Good fortune gave us the chance to work in the western African gulf area. Long, difficult tasks involving tower and building construction, equipment installation, and training for the local agencies. Great opportunity for important work. Collaterally, local folks welcomed us and let us be part of their world. That was the best part of it, not surprisingly. It was life-changing for us all. Most of the photos here were taken in the between times when we were not eyebrow deep in our work.
As I made my way along the path, these fine young men (pictured above, left) met me with smiles and polite conversation. We were working in São Tomé and Principe, a small African country in the Gulf of Guinea. After almost a dozen work trips to the region, and after making friends in the community, I begin to grasp the world these fellows live in. It bears little resemblance to mine except for its magnificent humanity.
can see in the rainy-day background. I gave them a ride the last couple of miles, something that they appreciated; it's a long walk from their home. Bright, engaging, we chatted about kid things , as much as my rudimentary Portuguese would allow.
Public schooling is mandatory through the 6th grade, but the path is a difficult one for the children and their families. São Tomé and Principe is a young country, independent since the '70's and struggling economically, having recently emerged from the influence of the Communist bloc. Funding for public education (teachers) is just now beginning to stabilize. Schools are crowded. Most if not all hold two sessions from early morning to late afternoon. A school that seats around 300 has 540 enrolled. Teachers work long days and the children receive only the basics.
In an informal meeting with IMF team members ('08), funding for public school was described as 'not yet adequately addressed' by the government's budget process. Children had few supplies and fewer books, perhaps none for their grade level through '09. Workbooks have appeared this year (2010) for the classes and teachers to use.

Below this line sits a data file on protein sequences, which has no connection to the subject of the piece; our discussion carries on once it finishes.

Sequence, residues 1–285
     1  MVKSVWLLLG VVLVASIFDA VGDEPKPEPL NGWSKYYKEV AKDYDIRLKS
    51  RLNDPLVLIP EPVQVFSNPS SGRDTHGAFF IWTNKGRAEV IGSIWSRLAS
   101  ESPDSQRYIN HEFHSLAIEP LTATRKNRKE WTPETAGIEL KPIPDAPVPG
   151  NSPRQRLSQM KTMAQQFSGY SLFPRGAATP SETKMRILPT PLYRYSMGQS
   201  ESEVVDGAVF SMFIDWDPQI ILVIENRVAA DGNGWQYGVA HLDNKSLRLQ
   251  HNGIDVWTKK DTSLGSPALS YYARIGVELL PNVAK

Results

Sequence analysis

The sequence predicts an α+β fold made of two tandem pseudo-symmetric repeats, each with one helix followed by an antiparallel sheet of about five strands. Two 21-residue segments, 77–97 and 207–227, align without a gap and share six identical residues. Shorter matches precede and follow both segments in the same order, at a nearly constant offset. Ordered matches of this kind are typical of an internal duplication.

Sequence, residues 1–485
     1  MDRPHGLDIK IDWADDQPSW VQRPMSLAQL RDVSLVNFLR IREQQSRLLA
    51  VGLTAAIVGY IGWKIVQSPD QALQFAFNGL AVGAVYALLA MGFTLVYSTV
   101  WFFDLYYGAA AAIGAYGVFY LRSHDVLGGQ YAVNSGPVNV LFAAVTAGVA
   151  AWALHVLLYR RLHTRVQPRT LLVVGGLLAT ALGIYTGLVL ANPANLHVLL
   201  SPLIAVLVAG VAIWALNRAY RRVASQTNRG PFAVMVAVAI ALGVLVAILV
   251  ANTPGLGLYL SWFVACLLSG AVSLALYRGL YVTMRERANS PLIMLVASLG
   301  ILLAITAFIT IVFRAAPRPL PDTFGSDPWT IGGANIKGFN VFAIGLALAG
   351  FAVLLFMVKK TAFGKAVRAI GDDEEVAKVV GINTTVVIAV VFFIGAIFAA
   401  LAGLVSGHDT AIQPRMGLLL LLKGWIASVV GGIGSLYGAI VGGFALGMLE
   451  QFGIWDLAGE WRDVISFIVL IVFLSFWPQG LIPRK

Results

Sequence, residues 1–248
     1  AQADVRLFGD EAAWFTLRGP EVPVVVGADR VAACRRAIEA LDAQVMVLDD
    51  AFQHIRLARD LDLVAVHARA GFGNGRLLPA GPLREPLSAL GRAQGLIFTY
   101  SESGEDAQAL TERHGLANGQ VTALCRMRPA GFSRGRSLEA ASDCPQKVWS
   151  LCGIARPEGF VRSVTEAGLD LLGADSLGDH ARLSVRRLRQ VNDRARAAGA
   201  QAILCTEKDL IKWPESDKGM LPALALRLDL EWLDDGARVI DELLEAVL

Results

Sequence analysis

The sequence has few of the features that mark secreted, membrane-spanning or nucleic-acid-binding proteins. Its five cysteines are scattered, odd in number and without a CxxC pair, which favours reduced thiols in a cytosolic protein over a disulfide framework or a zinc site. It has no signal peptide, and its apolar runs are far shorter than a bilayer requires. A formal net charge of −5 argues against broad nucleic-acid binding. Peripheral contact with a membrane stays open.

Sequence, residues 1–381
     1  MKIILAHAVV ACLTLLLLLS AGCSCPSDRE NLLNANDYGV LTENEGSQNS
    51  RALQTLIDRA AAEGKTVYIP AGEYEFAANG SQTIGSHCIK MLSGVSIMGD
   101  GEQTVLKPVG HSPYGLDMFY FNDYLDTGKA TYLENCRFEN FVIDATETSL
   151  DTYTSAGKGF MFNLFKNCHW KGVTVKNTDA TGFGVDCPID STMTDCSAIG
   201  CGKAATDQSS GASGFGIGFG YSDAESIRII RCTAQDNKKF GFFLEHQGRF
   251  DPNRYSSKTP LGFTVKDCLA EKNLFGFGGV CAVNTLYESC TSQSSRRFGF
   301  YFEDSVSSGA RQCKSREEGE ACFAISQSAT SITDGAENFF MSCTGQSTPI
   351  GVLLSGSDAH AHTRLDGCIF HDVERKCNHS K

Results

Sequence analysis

Seen here on Children's Day '08 (left), students from Almas Elementary School celebrate with their teachers and families; it's a special day in most African countries, they tell me. Folks were surprised that we don't do the same in the U.S.
The children seem well balanced, confident, family oriented, and community aware. The country's small size keeps relatives in close proximity, and family ties are naturally strong. Everyone in a community will know pretty much everyone else by name and family and history.
Young mother: I took this picture in April '08. Planning for my return trip in June, my boss suggested I take prints back to Africa, find the family and give them as a gift. With some serious walking and help from a dozen nice people, I finally did find Elena's family and give them the photos. The next day, I went back to their house with little gifts for children's day. Months later, back in country with more photo prints in November '08, arriving by good luck on Helena's birthday; I met the extended family during their celebration.
Laundry at the river is a day-long event. I struck up a conversation with this lady (left) and her young children as they took a lunch break; I asked her what she was eating. “It's fish and vegetables and mangoes; want some?” It wasn't bad.
I arrived in Africa for the first time in June '07; the picture (left) is from my second or third day in country. I was surprised to have my world view challenged so dramatically. My wife and daughter and I were fortunate enough to live overseas as part of my first career; Spain and Europe, Japan and the western Pacific, Cuba, all shaped our thinking to some degree. In Africa for the first time, though, and I'm undone. Narratives that follow (listed in the navigation sidebar on the left) each recount an encounter with folks in Africa along with our changing understanding.
So what are we going to do with what we know?
the rich folks to quit being so full of themselves
and so impressed with their own possessions, which are here today and gone tomorrow. It's not their merit that made them wealthy and others less so. Tell
them to go after God who is generous to us all -
and tell them to do good, to be rich in helping others, to be extravagantly
generous. If they do that, they'll build a treasure that will last,
gaining life that is truly life.
1 Timothy 6:17-19 Africa, children, school, classroom, hope, Sao Tome, Principe, Guarda Costeria, RMAC, education, African schools, Nigeria, Nigerian